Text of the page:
As the documentary CodeGirl tells us, the technology field has traditionally been a boys’ club, but it’s time for that code to be rewritten to include more women in tech.
In October 2019 CapTech hosted an event in Columbus, Ohio entitled ILLUMINATE: Women Igniting the Tech Field, the first in our new “Illuminate” speaker series designed to show the path forward for young women considering a career in tech. We also screened CodeGirl, convened and participated in a panel discussion about Women Leading in Tech, and provided a networking opportunity. This event series was just one way that CapTech shows it's commitment to diversity while helping women thrive in technology fields.
When I first got involved with designing this event many months ago, all I could think was, “I wish I could rewind time and attend this event as a freshman in college.”
As a young woman new to the tech world just a year ago, I knew that IT consulting was a jump for me, but I believed in myself and took the time to learn the technical terms and practices I needed to succeed. Along with my self-education, I’m lucky enough to work for a company that is committed to closing the gender gap in tech. CapTech puts a lot of time and effort into providing guidance and support to women in the field, and I am one of the beneficiaries.
But I know not all young women have the belief that technology is the place for them or that they will get the support to succeed.
According to the National Center for Women & Information Technology (NCWIT): only 26% of the computing and mathematical workforce was female in 2017.
Research conducted by Catherine Ashcraft, Director of Research and Senior Research Scientist for NCWIT, highlights the underlying causes associated with the gender disparity in IT. One gap stems from tech education, which is not designed to show how tech can solve problems that are relevant or interesting to the girls we’re educating. Over time, girls lose interest in tech because they don’t relate to what they’re learning.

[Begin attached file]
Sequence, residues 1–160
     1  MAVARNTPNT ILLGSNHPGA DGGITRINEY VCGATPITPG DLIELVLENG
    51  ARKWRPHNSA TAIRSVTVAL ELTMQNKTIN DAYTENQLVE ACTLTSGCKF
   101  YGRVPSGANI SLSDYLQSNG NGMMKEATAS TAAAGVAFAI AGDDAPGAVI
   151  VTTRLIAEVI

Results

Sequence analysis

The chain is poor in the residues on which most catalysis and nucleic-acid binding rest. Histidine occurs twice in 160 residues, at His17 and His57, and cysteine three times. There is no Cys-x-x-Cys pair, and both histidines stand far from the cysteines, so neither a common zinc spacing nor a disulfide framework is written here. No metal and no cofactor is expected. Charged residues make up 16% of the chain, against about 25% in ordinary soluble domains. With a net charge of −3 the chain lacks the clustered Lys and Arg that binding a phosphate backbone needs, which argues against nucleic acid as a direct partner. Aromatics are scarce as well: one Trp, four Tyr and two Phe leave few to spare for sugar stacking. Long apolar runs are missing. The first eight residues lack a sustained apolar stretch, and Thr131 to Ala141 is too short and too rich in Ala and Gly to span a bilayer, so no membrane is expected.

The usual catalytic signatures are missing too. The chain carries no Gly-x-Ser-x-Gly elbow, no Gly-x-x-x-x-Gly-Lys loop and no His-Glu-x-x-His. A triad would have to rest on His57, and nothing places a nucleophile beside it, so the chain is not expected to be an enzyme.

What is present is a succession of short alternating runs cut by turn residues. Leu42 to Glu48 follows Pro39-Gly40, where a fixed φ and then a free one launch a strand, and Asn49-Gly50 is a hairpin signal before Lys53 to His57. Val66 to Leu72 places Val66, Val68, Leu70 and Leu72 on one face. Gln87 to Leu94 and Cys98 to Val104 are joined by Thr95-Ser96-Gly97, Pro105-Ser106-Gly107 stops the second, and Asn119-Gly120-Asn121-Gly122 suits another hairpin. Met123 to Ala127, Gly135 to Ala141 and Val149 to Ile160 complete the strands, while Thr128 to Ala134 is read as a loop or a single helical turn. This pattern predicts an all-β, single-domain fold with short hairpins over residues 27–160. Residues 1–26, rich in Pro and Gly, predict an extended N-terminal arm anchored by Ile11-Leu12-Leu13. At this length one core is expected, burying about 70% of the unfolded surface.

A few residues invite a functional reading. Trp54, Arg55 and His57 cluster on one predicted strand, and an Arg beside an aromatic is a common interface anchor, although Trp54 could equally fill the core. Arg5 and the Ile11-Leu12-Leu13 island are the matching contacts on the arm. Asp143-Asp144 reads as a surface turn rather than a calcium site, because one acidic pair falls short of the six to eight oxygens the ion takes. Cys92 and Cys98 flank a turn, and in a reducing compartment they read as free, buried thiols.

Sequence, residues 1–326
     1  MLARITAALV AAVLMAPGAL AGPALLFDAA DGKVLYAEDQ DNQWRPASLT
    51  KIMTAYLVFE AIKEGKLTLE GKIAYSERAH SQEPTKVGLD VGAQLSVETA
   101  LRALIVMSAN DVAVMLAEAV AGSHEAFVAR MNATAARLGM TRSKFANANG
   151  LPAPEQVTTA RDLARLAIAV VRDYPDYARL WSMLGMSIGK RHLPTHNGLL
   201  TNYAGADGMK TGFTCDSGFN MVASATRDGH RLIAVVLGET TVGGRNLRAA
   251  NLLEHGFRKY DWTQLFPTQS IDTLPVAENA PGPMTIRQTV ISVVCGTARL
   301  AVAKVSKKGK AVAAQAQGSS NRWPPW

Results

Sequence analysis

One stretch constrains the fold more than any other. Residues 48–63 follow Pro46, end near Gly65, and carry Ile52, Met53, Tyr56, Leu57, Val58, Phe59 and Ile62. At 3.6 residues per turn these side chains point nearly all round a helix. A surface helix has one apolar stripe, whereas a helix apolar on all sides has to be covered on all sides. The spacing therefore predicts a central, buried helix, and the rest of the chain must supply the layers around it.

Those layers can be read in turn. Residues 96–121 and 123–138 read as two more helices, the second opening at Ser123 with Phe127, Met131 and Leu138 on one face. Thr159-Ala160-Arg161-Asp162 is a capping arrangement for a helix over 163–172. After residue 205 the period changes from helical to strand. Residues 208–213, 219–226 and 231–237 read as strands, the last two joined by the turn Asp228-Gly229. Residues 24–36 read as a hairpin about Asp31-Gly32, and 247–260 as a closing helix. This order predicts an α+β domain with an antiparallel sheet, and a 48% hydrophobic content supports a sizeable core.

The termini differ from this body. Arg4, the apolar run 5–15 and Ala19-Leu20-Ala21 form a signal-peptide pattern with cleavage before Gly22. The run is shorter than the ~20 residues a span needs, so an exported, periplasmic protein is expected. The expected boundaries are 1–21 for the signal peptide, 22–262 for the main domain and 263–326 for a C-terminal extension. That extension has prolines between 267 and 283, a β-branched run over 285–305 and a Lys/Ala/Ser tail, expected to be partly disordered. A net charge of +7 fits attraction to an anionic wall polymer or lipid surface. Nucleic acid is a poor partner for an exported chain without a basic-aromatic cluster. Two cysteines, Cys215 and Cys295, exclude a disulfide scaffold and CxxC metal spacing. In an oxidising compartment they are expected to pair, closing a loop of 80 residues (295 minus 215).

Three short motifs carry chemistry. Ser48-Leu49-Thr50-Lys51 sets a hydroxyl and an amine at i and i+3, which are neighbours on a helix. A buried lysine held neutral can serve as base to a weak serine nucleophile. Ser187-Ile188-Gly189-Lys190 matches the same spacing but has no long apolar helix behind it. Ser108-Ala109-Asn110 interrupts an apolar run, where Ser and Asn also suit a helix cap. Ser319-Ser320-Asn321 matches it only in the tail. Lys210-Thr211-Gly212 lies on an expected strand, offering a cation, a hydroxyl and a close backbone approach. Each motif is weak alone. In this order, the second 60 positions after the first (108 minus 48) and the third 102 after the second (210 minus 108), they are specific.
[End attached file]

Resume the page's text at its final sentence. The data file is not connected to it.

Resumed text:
The reality is that there are great opportunities for women to find their purpose, align their goals and passions, and thrive in the tech field.
For example, co-founder Martina Mattone created Tutored in Italy, a social platform where over 350,000 university students and recent graduates have registered to better manage their own school and post-grad careers. Founder Rachel McCrickard’s company, Motivo, created an online platform that connects new therapists with experienced supervisors from the beginning to the end of the clinical supervision process. CodeGirl highlights more stories like these, where girls from around the world are using tech to improve their communities.
Why is it important that more women enter the field? As Melinda Gates shared in her recent memoir, The Moment of Lift: How Empowering Women Changes the World:
“As women gain rights, families flourish, and so do societies. That connection is built on a simple truth: Whenever you include a group that's been excluded, you benefit everyone.”
Gates’ recent $1 billion commitment to promote gender equality in the United States shows her passion for this cause and the promise of the future workforce. As she puts it:
“The fact we’re now talking about these inequities is itself a sign of progress.”
While I know that tech can provide women with the skills, tools, and funds to make a real difference in areas that matter to them, I also recognize the importance of mentorship. Women need role models and mentors to show us that we can succeed in this currently male-dominated industry, but we also need to lift each other up and help each other out.
At our October event, CapTech Creative Director and amazing tech role model Bree Basham took us on her journey from tech neophyte to tech and design guru and shared her personal story about why she is so passionate about championing women in the field.
Our Illuminate series brings us together to help women feel supported and ready to strike a match, ignite a conversation about real change in tech, and light the way forward.